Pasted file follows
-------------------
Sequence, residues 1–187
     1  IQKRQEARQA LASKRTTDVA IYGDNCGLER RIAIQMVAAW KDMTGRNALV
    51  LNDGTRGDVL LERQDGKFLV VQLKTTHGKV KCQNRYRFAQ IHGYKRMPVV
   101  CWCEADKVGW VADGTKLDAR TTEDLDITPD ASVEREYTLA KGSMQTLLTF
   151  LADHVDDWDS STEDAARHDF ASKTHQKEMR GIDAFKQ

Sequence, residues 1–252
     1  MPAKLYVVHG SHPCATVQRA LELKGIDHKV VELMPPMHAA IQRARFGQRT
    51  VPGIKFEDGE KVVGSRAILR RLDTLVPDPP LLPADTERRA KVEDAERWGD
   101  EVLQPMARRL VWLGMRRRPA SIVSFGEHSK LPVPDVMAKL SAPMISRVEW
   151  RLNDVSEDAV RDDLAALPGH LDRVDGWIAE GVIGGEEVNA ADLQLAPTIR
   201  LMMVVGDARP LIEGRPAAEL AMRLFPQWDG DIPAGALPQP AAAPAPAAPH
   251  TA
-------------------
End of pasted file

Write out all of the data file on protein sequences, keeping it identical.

Sequence, residues 1–187
     1  IQKRQEARQA LASKRTTDVA IYGDNCGLER RIAIQMVAAW KDMTGRNALV
    51  LNDGTRGDVL LERQDGKFLV VQLKTTHGKV KCQNRYRFAQ IHGYKRMPVV
   101  CWCEADKVGW VADGTKLDAR TTEDLDITPD ASVEREYTLA KGSMQTLLTF
   151  LADHVDDWDS STEDAARHDF ASKTHQKEMR GIDAFKQ

Sequence, residues 1–252
     1  MPAKLYVVHG SHPCATVQRA LELKGIDHKV VELMPPMHAA IQRARFGQRT
    51  VPGIKFEDGE KVVGSRAILR RLDTLVPDPP LLPADTERRA KVEDAERWGD
   101  EVLQPMARRL VWLGMRRRPA SIVSFGEHSK LPVPDVMAKL SAPMISRVEW
   151  RLNDVSEDAV RDDLAALPGH LDRVDGWIAE GVIGGEEVNA ADLQLAPTIR
   201  LMMVVGDARP LIEGRPAAEL AMRLFPQWDG DIPAGALPQP AAAPAPAAPH
   251  TA